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Don't turn a win into a loss

During litigation on any matter, you may win the case, and have the judge approve your argument or you may settle a case with your opponents. The terms of the court order or the settlement are important. They may create obligations on both parties to the litigation and may require you to take specific steps or actions.

If you fail to adhere to those obligations can lead to your agreement becoming set aside and made no longer enforceable. Such was the case with a woman who worked for the U.S. Army. She was subjected to a removal action and appealed her removal to the Merit Systems Protection Board (MSPB).

"I did what was right"

Federal employees are often given portrayed in a bad light. They are unmotivated, simply marking time until they retire. Many of the federal programs they are responsible for draw complaints regarding their expense, the amount of red-tape they generate and their lack of effectiveness.

But often these characterizations are cherry-picked and anecdotal. On the whole, much of the work of the maligned federal bureaucracy is absolutely essential. From the FAA managing the nation's air traffic control system, to the collection of taxes by the IRS, the Department of Agriculture's inspection of the food supply and the federal courts adjudication of thousands of lawsuits, and Centers for Disease Control and Prevention tracking down disease outbreaks, residents of the U.S. would see radical, and not necessarily improved, living conditions if the federal bureaucracy stopped doing its job. 

Beware the stick man

In argumentation, one famous form is known as the "stick man." This is an argument where an often simple scenario is laid out and then easily knocked down by the proponent of the opposing view. Hence, the name stick man, because the argument topples over as easy as a stick man would.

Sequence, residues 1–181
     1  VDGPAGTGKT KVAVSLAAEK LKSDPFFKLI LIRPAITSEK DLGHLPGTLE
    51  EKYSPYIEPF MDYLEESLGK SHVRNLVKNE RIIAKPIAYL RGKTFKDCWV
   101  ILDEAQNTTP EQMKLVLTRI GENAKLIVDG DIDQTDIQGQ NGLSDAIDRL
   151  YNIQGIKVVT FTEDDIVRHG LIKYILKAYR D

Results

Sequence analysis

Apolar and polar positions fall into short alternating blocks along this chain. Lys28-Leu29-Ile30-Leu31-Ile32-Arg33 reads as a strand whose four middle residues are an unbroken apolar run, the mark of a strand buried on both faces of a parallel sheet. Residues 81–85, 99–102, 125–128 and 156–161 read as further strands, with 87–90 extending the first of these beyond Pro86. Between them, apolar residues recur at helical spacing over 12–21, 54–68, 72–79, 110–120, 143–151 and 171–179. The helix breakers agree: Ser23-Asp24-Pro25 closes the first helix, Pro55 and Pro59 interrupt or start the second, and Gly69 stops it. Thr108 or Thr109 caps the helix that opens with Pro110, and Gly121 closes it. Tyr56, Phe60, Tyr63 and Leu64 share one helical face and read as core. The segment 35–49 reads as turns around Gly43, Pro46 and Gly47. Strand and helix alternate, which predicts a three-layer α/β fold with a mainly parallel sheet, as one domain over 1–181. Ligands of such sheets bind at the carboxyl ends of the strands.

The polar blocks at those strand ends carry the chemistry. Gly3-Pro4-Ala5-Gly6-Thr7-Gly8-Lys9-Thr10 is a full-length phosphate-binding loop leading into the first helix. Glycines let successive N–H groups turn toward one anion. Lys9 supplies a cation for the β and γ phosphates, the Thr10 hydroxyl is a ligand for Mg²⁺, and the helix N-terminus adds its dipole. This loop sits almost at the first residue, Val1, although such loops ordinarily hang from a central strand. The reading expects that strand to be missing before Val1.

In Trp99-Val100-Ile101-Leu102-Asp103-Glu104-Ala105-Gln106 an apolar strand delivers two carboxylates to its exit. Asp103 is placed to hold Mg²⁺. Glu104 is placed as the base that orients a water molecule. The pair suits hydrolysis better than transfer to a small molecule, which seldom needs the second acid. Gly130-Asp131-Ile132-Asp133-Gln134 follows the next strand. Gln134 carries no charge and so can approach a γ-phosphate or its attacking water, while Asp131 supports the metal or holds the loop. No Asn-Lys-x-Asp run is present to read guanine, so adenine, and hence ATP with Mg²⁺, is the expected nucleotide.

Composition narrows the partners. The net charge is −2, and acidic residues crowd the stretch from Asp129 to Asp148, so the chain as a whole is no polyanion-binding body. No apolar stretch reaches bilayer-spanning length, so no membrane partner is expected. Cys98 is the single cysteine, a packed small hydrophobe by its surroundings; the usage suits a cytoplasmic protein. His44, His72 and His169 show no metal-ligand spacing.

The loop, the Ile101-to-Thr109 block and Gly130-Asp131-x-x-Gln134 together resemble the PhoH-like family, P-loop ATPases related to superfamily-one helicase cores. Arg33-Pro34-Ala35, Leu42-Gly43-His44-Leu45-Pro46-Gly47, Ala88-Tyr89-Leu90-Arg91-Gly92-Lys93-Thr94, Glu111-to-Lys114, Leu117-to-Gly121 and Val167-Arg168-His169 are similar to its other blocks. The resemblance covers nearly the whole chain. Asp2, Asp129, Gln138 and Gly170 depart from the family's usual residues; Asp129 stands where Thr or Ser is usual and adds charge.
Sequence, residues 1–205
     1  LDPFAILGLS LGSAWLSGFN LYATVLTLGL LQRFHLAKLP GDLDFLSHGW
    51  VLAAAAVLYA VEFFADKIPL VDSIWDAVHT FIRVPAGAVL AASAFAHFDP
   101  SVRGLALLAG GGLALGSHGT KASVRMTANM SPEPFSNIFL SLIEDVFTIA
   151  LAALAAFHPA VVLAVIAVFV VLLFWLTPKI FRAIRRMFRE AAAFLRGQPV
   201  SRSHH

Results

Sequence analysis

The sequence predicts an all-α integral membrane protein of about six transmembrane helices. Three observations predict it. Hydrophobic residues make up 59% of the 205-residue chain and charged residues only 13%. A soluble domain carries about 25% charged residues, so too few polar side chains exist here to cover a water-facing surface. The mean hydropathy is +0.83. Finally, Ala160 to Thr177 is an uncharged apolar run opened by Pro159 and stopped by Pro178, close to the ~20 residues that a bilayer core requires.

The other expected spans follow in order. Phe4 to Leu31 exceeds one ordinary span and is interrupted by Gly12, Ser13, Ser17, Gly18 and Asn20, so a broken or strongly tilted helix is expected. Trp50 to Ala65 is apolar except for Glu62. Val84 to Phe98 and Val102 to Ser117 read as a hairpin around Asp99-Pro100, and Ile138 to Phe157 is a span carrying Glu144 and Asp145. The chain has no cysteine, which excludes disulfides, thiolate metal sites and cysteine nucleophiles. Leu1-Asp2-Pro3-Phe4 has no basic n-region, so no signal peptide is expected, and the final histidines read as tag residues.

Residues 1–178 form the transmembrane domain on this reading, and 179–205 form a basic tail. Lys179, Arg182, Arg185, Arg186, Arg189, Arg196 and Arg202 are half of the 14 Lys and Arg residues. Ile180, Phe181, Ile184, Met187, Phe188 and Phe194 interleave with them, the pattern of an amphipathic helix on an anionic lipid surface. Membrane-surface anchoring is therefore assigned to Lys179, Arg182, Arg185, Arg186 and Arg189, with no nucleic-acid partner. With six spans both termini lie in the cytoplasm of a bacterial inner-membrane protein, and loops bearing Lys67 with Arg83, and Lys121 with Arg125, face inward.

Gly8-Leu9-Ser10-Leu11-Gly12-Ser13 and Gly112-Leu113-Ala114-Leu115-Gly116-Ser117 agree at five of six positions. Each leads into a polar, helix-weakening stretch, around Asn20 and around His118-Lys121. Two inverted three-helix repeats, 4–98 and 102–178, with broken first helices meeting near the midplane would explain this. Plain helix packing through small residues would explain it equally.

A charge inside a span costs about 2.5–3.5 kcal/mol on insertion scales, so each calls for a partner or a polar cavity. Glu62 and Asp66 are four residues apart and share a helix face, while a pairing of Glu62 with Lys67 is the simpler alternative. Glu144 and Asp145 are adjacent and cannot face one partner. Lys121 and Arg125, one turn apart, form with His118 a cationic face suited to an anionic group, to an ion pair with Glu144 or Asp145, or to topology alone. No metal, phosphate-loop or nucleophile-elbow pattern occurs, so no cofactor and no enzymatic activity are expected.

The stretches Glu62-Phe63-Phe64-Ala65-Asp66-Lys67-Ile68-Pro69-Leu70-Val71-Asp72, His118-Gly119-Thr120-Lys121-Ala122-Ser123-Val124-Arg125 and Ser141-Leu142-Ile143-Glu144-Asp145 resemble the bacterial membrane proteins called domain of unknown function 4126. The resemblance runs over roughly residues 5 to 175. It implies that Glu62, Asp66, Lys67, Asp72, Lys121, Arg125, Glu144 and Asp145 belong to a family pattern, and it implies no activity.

Attacks on federal civil service job protections often take this form. One or two anecdotal experiences are conflated into the entire federal civil service. A story frames the discussion of the difficulty of firing federal workers as one of "red tape."

MSPB chief reviews challenging year for agency

Last year was difficult year for the Merit Systems Protection Board (MSPB). The Board, which is responsible for hearing appeals from administrative law judge decisions related to federal employee disciplinary, adverse actions and other employment law cases.

The MSPB began the year swamped with 30,000 furlough cases caused by the sequestration in 2013. And it had to deal with new, rapid appeals process for senior executive service (SES), which has already demonstrated the shortcomings of the new process.

Problems at the VA continue, pt.2

Disciplining management is always problematic. Senior managers may manipulate structures they oversee to insulate themselves from direct allegation of misconduct or wrongdoing. The VA has been perceived to be particularly poor in punishing misconduct among its senior management, which is in part why Congress enacted the draconian new dismissal procedure in the wake of the Phoenix VA hospital scheduling scandal.

This new law could allow very rapid terminations of senior managers, and shortens their appeal rights, but given the newness of the law, it is possible it may be challenged at some point as a violation of their due process rights.